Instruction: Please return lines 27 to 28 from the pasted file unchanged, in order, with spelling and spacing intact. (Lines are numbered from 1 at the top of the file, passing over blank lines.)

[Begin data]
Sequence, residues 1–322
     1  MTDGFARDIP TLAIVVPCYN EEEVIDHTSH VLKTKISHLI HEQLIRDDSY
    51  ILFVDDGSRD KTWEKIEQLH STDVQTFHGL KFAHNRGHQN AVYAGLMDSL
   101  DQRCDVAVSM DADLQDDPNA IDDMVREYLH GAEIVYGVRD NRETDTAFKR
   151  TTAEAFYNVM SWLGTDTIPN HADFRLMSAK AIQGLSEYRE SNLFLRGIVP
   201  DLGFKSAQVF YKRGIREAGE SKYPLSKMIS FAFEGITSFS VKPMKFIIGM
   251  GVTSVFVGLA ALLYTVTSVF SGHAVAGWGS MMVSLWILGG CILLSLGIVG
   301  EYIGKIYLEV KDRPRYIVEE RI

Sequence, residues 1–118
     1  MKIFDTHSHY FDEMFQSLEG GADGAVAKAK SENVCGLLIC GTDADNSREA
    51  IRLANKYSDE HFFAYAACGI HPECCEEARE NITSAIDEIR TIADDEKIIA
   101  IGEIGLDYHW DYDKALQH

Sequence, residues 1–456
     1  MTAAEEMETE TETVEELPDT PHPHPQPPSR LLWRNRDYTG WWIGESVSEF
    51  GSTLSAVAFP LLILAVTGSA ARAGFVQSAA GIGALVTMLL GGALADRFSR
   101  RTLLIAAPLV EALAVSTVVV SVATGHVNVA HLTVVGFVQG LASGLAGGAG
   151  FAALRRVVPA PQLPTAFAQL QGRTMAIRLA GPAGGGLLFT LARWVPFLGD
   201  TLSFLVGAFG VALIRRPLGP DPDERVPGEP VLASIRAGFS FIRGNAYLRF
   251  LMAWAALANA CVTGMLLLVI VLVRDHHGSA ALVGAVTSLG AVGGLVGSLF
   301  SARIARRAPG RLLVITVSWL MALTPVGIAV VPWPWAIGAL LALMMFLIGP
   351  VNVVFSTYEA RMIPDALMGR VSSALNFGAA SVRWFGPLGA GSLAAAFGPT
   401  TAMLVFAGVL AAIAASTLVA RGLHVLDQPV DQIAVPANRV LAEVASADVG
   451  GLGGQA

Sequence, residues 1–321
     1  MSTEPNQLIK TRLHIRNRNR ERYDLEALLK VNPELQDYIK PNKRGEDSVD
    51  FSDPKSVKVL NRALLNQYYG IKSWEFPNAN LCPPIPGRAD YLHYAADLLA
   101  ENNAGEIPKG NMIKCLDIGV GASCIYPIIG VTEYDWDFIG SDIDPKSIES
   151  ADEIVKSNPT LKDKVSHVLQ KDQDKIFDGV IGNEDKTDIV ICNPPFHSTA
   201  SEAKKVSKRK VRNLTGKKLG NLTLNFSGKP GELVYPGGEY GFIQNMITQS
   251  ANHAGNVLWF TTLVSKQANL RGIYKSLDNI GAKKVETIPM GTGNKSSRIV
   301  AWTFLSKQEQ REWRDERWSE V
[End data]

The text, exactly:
   101  ENNAGEIPKG NMIKCLDIGV GASCIYPIIG VTEYDWDFIG SDIDPKSIES
   151  ADEIVKSNPT LKDKVSHVLQ KDQDKIFDGV IGNEDKTDIV ICNPPFHSTA